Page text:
"Bang bang! That awful sound!" said Cher in a song of the same name, and like any critical listener in search of a cheap laugh I was primed to apply that reference here. After all, it's easy enough for an instrumental rock group to come off as either hideously discordant or sleep-inducingly masturbatory. But the problem is, even the most awful sounds on Oma Yang’s second full-length release are sublime, and theirs is the sort of masturbation you'd pay good money to see (though you might not want to volunteer for clean-up duty afterwards). On the front cover of this particular 'Bang Bang' CD, a sloppy-looking man wearing wet, baggy underwear contemplates an algae-spotted river from the shore. On the back cover, he just dives right in. Drums, bass and guitar come together on this occasionally harrowing mix of tracks, sometimes joined by a welcome synth or organ. When these guys throw rock, jazz, and smooth psychedelia into the mix, does it work? It can be as beautiful as a quiet, echoing horn on "Oh Yeah...I Get Jokes" and as jarring as the tempo changes and discordant notes on "No Backdoor To Heaven, Just A Front Door To Hell." Somehow, even the studio trickery and synth warblings of "A Paper Bag Holds Great Secrets" manages to fit in and sound chummy. Just as the jangling and thumping begins to get on your nerves the mood will switch to something placid as a rippling brook (a quiet song you could knit a sweater to while humming along)...but before the track is over that sloppy guy will jump right in again and shake things up, dropping stitches and jumping influences, proving that the Oma Yang guys know more than just how to write cute song titles. The best songs on this CD are over five minutes long, allowing the band to expand, twist, distort, and demolish their theme, leaving me eagerly awaiting the day they decide to record a single hour-long track. "Awful sound?" Well, occasionally yes, but in a good way. Sometimes lush, sometimes minimal, always capable and never dull is Oma Yang.Muffy St. Bernard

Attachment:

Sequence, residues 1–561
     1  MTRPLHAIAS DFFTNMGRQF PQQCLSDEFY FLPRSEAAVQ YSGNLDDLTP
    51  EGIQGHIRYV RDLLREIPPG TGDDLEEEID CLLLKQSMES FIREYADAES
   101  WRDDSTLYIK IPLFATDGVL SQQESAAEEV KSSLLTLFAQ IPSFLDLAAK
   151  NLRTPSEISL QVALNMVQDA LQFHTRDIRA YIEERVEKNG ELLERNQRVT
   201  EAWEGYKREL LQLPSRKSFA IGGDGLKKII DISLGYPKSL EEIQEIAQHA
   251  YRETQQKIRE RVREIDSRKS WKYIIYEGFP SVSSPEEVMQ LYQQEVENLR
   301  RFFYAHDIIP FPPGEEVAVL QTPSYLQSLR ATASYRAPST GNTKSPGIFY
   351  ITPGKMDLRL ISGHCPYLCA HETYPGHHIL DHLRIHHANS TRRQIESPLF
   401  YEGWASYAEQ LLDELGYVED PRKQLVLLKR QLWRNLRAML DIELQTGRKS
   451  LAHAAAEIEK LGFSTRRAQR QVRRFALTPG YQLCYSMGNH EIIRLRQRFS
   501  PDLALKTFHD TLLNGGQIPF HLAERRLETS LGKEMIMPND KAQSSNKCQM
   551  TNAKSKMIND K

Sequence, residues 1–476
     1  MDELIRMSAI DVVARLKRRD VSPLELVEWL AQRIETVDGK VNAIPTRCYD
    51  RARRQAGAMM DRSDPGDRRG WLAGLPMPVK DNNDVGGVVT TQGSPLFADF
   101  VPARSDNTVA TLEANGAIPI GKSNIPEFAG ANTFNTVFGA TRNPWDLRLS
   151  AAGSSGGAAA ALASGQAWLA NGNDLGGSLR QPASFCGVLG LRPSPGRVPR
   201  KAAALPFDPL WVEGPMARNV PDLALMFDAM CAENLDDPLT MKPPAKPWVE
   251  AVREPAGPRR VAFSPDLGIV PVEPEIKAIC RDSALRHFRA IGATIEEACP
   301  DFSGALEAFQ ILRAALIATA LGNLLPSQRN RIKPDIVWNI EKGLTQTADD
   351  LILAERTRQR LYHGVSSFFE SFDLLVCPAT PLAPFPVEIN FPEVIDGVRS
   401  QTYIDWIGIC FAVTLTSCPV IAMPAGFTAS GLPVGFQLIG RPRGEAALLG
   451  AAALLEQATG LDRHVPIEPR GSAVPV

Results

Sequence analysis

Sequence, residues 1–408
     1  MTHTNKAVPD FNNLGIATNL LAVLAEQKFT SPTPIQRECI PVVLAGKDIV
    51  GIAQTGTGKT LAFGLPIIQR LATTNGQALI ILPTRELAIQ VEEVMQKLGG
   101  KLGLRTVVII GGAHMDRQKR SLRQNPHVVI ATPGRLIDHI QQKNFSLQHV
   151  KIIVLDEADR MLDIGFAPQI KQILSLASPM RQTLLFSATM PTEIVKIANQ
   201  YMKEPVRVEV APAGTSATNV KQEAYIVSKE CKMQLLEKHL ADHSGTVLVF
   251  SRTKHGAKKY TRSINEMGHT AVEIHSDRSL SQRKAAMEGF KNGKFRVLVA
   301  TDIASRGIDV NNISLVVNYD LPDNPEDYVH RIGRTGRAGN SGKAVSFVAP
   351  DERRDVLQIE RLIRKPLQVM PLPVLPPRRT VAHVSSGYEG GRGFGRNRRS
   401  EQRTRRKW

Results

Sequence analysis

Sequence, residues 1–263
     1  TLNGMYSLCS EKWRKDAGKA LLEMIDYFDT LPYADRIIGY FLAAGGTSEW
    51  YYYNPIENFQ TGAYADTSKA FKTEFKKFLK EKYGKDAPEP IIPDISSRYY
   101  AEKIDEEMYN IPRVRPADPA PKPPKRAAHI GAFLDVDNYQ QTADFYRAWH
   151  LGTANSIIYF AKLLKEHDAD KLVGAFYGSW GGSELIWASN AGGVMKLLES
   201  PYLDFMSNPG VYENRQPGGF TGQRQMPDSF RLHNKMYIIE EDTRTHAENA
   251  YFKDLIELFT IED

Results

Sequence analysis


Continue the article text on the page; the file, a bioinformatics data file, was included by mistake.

We know that sometimes these CDs are somewhat challenging to find, which is why we have a community section which can be used to obtain nearly everything available on this site.